Civil rights experts point to long wait times to vote as a sign of growing voter suppression in the U.S. Here's what to expect in the 2020 election.
- Voting lines and wait times have been getting longer and longer. And there is a reason for that. Voting should take no longer than 30 minutes, according to the Presidential Commission on Election Administration. But in the 2018 primaries, nearly half of Latino voters and Black voters waited an average of 45% longer than white voters. That's in large part because people of color tend to live in communities where there are fewer electoral resources, a problem that can be traced to one 2013 Supreme Court decision.
In the 1965 Voting Rights Act there was a provision that said any new election laws from states with a history of discrimination needed federal oversight and approval before implementation. The provision was meant to be temporary, but was renewed several times due to its success in decreasing the voter turnout gap between whites and Black Americans. But in 2013 the Supreme Court overturned it, citing rising voter turnout rates in minority neighborhoods. In other words, the provision was deemed no longer needed.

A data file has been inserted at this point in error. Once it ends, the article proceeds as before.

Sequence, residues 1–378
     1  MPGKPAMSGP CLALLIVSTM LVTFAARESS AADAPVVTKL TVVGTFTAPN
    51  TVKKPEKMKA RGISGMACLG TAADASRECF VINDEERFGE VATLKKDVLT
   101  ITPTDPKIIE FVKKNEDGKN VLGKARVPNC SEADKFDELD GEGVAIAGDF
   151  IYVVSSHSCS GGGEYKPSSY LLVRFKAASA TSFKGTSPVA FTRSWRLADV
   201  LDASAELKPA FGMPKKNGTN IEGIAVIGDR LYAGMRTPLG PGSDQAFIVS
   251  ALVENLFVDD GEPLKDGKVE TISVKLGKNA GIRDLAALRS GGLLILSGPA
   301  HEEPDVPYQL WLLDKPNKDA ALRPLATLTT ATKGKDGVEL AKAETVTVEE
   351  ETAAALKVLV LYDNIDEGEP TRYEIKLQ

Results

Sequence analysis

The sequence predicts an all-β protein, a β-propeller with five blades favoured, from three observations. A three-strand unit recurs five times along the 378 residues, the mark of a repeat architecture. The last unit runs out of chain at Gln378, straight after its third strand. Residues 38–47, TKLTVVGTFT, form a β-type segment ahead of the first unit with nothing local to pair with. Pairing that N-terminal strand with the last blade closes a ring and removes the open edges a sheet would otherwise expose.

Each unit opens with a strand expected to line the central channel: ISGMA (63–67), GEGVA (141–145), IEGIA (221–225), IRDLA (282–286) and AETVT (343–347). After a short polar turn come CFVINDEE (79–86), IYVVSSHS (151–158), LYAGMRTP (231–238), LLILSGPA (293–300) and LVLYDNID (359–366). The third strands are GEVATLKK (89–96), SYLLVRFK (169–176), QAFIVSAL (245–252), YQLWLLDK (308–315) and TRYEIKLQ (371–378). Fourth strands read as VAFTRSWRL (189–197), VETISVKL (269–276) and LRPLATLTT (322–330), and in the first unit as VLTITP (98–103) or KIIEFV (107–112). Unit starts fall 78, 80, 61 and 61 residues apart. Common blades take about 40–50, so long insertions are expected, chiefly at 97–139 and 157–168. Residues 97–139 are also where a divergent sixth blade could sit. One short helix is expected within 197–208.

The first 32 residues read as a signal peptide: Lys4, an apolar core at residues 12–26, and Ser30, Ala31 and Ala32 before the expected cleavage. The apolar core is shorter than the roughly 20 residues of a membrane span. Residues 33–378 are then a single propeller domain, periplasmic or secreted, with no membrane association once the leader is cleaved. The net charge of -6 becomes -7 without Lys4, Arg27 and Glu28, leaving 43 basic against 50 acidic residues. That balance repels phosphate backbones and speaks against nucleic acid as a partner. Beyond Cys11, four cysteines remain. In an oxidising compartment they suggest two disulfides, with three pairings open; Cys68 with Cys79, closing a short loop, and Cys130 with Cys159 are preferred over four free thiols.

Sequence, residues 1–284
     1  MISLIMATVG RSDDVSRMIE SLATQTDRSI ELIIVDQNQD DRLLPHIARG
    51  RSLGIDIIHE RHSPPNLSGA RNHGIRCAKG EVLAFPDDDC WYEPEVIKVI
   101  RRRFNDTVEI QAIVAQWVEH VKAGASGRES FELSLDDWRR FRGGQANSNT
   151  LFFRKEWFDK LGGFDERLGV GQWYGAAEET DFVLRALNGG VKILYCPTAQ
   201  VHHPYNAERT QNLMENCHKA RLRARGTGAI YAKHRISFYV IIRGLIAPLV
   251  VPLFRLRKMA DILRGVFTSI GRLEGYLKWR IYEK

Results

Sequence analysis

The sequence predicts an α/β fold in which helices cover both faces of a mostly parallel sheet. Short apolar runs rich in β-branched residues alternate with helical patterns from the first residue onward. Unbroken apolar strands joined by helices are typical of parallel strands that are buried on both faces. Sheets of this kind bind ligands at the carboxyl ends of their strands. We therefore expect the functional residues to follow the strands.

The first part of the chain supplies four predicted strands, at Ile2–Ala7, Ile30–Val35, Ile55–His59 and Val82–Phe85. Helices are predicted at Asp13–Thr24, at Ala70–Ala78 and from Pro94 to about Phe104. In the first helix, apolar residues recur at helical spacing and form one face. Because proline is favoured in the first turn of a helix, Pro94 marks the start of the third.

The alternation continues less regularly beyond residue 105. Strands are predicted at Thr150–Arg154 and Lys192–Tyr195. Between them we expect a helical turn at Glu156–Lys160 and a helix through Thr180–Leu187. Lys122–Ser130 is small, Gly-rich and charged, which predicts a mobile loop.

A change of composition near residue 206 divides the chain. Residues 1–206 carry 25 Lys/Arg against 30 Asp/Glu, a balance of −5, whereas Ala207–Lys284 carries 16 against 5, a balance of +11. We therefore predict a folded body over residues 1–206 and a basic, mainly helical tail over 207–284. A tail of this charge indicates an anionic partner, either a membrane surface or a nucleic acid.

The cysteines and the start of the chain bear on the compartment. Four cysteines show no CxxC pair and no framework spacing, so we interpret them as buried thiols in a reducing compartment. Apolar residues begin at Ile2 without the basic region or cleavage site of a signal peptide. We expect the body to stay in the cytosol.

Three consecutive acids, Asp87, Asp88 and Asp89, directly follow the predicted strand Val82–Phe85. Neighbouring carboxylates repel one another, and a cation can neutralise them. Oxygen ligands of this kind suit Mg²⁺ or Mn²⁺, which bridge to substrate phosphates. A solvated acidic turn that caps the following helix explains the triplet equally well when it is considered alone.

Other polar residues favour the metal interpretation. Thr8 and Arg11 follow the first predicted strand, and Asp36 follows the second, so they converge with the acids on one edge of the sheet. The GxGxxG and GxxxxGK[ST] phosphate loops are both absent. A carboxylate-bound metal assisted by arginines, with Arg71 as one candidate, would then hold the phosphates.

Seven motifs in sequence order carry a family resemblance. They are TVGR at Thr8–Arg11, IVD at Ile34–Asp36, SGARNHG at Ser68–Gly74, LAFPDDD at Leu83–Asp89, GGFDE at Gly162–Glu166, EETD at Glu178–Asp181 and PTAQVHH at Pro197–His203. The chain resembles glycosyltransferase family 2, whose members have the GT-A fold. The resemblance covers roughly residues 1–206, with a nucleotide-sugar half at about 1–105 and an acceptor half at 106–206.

Twenty-four hours after the Supreme Court decision, Texas, Mississippi, and Alabama enforced photo ID laws that previously were barred under the provision. Proponents of the law say these policies combat voter fraud, but 11% of eligible voters, mainly people who are young and in poor rural neighborhoods, do not have government issued photo IDs.
Polling closures also increased since 2013. In Arizona and Georgia one in five voting locations closed. In Texas more than one in ten closed. And in Louisiana and Mississippi one in 20 closed. The closures mostly occurred in minority neighborhoods. After an unprecedented number of mail in ballots in the 2020 election, some lawmakers have targeted absentee voting in new restrictive bills.